Behnken, Harris and Hurley
Former NASA astronauts Bob Behnken (left) and Doug Hurley stand with Vice President Kamala Harris after she awarded them the Congressional Space Medal of Honor at a Jan. 31 ceremony: Credit: NASA/Joel Kowsky

WASHINGTON — The two men who flew on the first NASA commercial crew mission to the International Space Station in 2020 received a rarely awarded medal from the White House Jan. 31.

During a brief ceremony, Vice President Kamala Harris awarded the Congressional Space Medal of Honor to former NASA astronauts Bob Behnken and Doug Hurley in recognition of their flight on the Demo-2 Crew Dragon mission to the station in 2020, the first crewed orbital spaceflight from the United States since the retirement of the shuttle in 2011.

She credited Behnken and Hurley not just for flying the mission but for years of work leading up to it, advising SpaceX as it developed the spacecraft. “Together, Bob and Doug, and the SpaceX team, worked for years to design a new crew capsule,” she said. “Every part of the capsule, from flight controls and emergency procedures to computer displays and cockpit layout, all of that was shaped by Bob and Doug’s decades of knowhow.”

The successful two-month Demo-2 mission allowed NASA to begin a series of regular crew rotation flights on Crew Dragon, ending reliance on Russia’s Soyuz vehicle for accessing the station. “Bob and Doug together have written the first page of a new chapter in the history of American spaceflight,” Harris said. “Through their ingenuity and bravery, they have helped rebuild America’s bridge to low Earth orbit and to the International Space Station.”

While Harris serves as chair of the National Space Council, which oversees interagency coordination of space policy, she didn’t address other space issues in her remarks beyond a passing reference to NASA’s Artemis campaign of lunar exploration. Neither Behnken nor Hurley spoke during the public ceremony.

The award took some in the space community by surprise in part because the award is so rare. The last time an astronaut received the medal was Robert Crippen, best known as the pilot of the first shuttle mission, in 2006. NASA announced that Behnken and Hurley would receive the medal less than 24 hours before the ceremony, and neither the agency nor the White House offered details on why they received the award now or if the White House anticipated making additional awards.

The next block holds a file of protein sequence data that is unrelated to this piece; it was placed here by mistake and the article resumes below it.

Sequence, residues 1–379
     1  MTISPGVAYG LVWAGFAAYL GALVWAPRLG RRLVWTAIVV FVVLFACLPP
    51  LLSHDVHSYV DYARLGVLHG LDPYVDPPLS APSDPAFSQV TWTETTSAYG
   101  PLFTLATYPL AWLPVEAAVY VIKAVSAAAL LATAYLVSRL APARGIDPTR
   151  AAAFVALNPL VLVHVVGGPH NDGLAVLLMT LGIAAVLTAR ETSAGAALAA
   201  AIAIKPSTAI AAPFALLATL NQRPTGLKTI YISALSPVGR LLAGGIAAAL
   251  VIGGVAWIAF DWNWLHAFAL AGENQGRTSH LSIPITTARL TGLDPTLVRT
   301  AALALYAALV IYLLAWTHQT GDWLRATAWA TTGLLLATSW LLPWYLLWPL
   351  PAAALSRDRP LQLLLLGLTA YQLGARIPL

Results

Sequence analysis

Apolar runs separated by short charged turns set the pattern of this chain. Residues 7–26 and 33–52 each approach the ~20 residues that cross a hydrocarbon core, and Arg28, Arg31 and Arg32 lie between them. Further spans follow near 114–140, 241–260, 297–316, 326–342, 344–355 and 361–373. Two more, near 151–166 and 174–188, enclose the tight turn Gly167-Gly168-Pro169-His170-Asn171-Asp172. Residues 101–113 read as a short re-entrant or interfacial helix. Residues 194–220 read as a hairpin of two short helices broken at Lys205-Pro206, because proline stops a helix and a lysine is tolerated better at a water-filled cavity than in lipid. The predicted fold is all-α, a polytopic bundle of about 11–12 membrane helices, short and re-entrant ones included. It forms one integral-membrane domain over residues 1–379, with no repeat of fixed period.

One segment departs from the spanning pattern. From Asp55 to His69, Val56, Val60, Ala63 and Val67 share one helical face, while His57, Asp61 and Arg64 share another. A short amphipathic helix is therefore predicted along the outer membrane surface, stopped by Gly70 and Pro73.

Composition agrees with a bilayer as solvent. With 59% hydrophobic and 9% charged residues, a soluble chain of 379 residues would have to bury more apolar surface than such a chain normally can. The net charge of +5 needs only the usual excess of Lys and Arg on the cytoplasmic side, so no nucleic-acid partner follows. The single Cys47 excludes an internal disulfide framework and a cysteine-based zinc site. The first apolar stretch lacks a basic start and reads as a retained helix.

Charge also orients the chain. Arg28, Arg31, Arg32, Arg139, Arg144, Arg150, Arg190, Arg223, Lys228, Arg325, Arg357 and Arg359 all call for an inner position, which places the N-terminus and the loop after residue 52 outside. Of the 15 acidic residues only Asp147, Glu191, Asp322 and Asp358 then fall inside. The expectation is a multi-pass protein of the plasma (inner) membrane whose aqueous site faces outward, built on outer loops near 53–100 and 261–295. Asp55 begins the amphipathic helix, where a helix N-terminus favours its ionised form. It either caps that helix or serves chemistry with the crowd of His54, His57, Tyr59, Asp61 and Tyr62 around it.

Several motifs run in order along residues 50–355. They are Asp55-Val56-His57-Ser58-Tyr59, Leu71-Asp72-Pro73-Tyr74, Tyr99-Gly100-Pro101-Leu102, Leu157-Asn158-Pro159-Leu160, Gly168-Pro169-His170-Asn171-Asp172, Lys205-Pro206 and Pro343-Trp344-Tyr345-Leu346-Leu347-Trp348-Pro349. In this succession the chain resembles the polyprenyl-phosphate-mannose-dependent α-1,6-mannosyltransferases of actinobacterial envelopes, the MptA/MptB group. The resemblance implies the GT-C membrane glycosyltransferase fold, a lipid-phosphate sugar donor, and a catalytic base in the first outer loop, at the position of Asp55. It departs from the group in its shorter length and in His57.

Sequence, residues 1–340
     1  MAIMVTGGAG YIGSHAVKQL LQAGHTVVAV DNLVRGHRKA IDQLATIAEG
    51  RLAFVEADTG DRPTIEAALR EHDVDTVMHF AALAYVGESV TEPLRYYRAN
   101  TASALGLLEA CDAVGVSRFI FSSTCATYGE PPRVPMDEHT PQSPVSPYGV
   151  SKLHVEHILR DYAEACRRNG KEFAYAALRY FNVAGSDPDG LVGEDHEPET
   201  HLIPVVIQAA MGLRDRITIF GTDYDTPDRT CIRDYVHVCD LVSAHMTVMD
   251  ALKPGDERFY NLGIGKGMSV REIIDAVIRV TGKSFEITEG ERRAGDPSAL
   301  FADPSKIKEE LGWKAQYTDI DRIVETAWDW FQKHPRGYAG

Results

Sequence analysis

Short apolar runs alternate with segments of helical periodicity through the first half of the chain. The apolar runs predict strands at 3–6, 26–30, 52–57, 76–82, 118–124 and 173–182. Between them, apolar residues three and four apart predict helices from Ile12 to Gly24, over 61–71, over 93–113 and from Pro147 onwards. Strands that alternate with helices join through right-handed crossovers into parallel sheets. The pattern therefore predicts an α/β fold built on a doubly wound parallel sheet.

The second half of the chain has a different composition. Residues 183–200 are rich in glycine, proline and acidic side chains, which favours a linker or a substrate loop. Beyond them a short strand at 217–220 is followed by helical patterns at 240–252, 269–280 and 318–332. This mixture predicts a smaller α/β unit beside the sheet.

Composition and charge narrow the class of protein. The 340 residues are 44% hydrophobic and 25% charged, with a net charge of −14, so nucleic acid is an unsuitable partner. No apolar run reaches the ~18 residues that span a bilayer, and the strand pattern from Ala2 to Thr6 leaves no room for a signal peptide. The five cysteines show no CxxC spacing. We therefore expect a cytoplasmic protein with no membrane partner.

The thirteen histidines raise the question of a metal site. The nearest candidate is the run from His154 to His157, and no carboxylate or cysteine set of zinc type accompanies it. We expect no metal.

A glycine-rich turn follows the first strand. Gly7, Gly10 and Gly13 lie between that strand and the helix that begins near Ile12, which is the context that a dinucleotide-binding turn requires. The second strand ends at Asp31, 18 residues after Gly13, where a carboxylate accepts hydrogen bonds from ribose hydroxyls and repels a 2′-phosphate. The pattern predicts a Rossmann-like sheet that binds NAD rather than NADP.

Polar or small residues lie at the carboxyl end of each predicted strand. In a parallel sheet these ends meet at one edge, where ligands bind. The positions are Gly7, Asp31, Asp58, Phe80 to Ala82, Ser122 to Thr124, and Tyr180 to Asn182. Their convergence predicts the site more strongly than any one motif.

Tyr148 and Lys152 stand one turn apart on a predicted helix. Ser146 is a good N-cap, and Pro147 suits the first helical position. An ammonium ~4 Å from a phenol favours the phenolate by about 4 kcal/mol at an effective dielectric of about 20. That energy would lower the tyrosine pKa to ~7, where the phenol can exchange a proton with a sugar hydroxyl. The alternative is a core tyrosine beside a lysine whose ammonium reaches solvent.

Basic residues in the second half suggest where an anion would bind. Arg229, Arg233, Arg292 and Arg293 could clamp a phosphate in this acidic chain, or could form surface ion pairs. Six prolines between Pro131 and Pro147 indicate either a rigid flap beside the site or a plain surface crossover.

Despite the name, Congress is not involved in the award of the Congressional Space Medal of Honor. Congress passed a law in 1969 authorizing the president to award a medal by that name “to any astronaut who in the performance of his duties has distinguished himself by exceptionalIy meritorious efforts and contributions to the welfare of the Nation and of mankind.” Formal nominations for the award are made by the NASA administrator to the president.

While the law creating the medal passed in 1969, the first medals were not awarded until 1978 by President Jimmy Carter. Six astronauts, including the first American in space, Alan Shepard; the first American to orbit the Earth, John Glenn; and the first human to walk on the moon, Neil Armstrong, received medals then.

Seventeen of the now 30 awardees were posthumous: the three astronauts who died on Apollo 1 and the seven each lost on Challenger and Columbia. President George W. Bush awarded the medal most frequently, although 14 of his 16 recipients were the crews of Challenger and Columbia. The other two awardees were Crippen and Bill Shepherd, the first American to fly a long-duration mission on the ISS.

Several famous astronauts have not received the award, including Apollo 11’s Buzz Aldrin and Mike Collins. While Jim Lovell, commander of Apollo 13, received the medal in 1995, his crew mates, Fred Haise and Jack Swigert, did not.

Both Behnken and Hurley left the astronaut corps after the Demo-2 mission. Hurley retired from NASA in July 2021 and is now director for business development for Northrop Grumman’s propulsion systems business unit. Behnken retired from NASA in November 2022 and joined Lockheed Martin’s space division as director of technology acceleration.

Jeff Foust writes about space policy, commercial space, and related topics for SpaceNews. He earned a Ph.D. in planetary sciences from the Massachusetts Institute of Technology and a bachelor’s degree with honors in geophysics and planetary science...